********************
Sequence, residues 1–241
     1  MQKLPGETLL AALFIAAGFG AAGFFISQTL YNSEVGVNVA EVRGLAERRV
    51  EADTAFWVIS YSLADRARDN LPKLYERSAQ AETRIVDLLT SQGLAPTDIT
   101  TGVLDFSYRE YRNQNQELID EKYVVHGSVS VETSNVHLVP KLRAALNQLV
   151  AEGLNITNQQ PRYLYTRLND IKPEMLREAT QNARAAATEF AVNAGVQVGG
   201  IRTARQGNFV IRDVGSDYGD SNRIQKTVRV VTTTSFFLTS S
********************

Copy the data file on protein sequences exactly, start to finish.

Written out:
Sequence, residues 1–241
     1  MQKLPGETLL AALFIAAGFG AAGFFISQTL YNSEVGVNVA EVRGLAERRV
    51  EADTAFWVIS YSLADRARDN LPKLYERSAQ AETRIVDLLT SQGLAPTDIT
   101  TGVLDFSYRE YRNQNQELID EKYVVHGSVS VETSNVHLVP KLRAALNQLV
   151  AEGLNITNQQ PRYLYTRLND IKPEMLREAT QNARAAATEF AVNAGVQVGG
   201  IRTARQGNFV IRDVGSDYGD SNRIQKTVRV VTTTSFFLTS S